Miranda case highlights extent of personal data on our devices

Lawyer Gwendolen Morgan, acting for David Miranda who was stopped and questioned by British police at Heathrow airport under terrorism laws, speaks to the media on August 22, 2013 in London, England. David Miranda was carrying inormation leaked to the Guardian newspaper by whistleblower Edward Snowden, to his journalist partner, Glenn Greenwald in Brazil.

If you lose your laptop or smartphone, you're losing an awful lot of deeply personal data with it. That point's underscored by the current case of David Miranda, the partner of Guardian journalist Glenn Greenwald, the reporter who is responsible for breaking the lion's share of news from the Edward Snowden NSA revelations. British authorities detained Miranda and took several of his devices. The British government says what they did was allowed under anti-terror laws. But the search has been heavily criticized as overreaching. Security consultant Ashkan Soltani says the Miranda case is a reminder of just how much of our lives our devices can hold.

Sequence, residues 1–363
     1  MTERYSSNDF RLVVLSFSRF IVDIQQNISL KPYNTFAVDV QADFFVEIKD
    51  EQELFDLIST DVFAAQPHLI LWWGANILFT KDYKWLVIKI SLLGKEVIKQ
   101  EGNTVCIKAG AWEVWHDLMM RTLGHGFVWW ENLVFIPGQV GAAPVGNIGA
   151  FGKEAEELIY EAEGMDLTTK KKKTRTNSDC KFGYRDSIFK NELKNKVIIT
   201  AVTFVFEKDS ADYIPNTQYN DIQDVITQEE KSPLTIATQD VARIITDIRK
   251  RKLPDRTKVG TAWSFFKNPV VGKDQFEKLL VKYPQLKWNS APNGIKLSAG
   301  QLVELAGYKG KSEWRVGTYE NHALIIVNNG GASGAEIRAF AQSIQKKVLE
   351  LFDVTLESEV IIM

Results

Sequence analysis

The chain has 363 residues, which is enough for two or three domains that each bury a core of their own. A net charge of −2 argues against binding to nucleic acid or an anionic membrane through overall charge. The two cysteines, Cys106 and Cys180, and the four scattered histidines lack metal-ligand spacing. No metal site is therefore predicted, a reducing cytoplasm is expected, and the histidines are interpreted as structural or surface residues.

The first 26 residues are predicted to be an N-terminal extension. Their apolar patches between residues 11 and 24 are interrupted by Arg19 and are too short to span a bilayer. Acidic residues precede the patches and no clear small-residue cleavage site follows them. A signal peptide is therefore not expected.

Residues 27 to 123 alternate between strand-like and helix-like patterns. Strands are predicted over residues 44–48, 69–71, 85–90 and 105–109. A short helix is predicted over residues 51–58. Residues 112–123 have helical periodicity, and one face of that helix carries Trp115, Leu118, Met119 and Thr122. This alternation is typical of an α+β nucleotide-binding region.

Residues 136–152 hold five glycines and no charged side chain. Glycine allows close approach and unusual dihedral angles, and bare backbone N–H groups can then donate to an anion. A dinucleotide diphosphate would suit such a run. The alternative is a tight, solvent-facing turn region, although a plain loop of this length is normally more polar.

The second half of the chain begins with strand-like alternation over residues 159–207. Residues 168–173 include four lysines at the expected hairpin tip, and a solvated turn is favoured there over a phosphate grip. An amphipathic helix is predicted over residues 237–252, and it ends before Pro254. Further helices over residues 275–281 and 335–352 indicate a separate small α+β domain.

About the author

Mark Garrison is a reporter and substitute host for Marketplace, based in New York.

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